But Selective Memory Still Exists.
Usually the “Never Forget…” term is relative to the evil that was enacted, the death of the innocent victims, or the sacrifice that was performed by the responders.
Some say that we haven’t been very good at remembering what happened as it relates to the first responders and their sacrifice.
I speak to friends that spent time on the pile or at the Pentagon, working under extraordinary circumstances, exposing themselves to risk beyond anyone’s expectations or understanding. Most of them continue to have some physical and mental health impacts, some stronger and more invasive than others.
We still do not have a readily accessible USAR/SAR respirator system that protects the responder’s lungs, allows clear person-to-person communication, or is easy to breath in. We still have no way to deploy air scent canines in a hazmat situation and protect their health. CISM and PTSD treatment and research continues to be underfunded and disrespected as a diagnosis.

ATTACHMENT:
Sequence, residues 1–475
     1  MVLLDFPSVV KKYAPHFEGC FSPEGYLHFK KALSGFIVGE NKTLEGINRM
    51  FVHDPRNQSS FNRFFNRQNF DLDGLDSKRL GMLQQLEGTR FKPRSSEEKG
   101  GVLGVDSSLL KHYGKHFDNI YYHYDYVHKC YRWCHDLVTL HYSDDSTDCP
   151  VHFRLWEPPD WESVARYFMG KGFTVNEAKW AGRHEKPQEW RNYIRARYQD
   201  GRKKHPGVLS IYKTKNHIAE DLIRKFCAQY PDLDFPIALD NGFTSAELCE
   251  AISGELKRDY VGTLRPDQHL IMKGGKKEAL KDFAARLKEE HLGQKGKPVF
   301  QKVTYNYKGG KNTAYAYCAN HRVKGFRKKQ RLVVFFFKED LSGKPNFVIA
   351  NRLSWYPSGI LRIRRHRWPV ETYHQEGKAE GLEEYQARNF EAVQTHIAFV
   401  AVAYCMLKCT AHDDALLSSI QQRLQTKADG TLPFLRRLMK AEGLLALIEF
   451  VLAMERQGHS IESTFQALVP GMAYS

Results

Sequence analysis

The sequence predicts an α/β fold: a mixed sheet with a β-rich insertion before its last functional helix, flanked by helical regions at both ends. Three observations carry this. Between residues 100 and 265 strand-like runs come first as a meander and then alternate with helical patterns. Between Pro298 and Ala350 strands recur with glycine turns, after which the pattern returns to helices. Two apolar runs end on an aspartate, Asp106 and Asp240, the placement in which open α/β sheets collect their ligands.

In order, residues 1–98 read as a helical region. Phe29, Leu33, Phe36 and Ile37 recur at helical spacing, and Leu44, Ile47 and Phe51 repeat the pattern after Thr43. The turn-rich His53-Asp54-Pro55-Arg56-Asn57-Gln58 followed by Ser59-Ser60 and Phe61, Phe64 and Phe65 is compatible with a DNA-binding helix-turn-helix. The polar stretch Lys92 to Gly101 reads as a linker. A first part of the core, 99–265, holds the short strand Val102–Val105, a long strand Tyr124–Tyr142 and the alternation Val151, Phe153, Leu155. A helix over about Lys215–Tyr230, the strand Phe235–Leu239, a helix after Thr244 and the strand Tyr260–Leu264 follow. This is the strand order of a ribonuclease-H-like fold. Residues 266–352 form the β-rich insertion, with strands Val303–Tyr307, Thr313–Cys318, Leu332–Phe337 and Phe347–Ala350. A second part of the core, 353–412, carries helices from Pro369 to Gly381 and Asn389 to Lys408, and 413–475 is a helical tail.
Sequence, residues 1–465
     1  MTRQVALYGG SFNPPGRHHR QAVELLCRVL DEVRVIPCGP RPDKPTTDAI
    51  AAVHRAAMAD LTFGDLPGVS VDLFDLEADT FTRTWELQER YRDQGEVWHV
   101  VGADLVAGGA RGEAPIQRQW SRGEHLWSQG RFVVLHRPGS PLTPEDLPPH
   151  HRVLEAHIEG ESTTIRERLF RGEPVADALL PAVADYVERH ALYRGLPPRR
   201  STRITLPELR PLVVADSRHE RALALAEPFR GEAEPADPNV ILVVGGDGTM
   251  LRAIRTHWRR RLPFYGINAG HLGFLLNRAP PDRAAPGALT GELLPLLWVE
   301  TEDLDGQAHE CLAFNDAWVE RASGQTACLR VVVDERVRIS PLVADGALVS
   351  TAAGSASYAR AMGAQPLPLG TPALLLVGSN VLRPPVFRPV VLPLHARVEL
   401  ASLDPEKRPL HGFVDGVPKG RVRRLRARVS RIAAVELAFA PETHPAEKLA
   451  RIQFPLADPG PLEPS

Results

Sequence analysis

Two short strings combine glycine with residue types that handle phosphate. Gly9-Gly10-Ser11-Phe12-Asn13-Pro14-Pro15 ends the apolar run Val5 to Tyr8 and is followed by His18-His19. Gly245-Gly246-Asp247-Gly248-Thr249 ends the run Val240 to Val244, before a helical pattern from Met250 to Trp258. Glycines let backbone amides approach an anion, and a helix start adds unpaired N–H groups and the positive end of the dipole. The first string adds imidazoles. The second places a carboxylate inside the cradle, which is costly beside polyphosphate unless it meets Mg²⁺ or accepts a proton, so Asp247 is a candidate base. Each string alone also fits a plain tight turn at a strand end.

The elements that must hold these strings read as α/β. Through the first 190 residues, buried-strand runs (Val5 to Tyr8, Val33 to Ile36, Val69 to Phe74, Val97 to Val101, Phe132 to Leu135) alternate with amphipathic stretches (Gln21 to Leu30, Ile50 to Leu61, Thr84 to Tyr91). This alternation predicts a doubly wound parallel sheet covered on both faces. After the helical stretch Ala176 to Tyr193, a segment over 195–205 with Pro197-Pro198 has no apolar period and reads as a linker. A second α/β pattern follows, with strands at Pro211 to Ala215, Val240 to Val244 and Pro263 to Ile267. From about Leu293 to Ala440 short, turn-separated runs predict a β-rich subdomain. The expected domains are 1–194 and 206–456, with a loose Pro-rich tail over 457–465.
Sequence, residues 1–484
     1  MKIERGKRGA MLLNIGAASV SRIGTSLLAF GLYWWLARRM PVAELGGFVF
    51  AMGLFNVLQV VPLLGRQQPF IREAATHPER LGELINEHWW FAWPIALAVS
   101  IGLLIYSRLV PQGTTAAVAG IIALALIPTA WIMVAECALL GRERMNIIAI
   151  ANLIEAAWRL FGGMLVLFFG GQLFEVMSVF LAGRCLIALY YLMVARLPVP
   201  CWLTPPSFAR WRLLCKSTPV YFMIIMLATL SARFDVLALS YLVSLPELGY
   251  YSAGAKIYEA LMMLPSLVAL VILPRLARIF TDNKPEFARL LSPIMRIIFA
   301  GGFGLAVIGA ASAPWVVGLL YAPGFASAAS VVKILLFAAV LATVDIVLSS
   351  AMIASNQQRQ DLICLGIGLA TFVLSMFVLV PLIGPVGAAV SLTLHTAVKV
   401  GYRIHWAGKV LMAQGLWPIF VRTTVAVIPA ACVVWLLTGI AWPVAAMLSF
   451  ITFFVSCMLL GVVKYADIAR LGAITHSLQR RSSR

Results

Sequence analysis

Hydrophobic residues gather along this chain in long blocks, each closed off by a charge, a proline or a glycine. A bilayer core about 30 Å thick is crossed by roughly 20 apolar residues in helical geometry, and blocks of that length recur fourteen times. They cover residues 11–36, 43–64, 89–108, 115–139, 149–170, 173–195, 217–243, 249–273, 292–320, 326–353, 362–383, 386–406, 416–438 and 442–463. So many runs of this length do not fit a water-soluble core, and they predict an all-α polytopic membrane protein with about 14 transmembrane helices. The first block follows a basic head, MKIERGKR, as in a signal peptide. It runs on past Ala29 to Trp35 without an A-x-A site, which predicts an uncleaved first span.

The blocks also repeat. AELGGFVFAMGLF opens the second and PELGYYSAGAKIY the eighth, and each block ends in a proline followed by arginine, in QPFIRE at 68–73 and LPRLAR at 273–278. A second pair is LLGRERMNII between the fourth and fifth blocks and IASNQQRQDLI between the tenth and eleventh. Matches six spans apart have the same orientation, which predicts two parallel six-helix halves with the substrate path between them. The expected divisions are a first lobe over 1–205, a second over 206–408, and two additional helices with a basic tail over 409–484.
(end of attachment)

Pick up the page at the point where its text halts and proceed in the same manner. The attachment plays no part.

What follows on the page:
SAR teams still exist that do not provide even basic protections for their volunteers. Every team should provide their responders with short and long term disability coverage, workers compensation coverage, and a death benefit.
None of this should require the memory of a horrific terrorist event for management to be prompted to action in protecting their current and future responders. NASAR continues to advocate for responder protections both physical and service oriented.
On behalf of the communities that you serve, the responders that went before you, and those that will follow you – thank you for your service and sacrifice that others may live...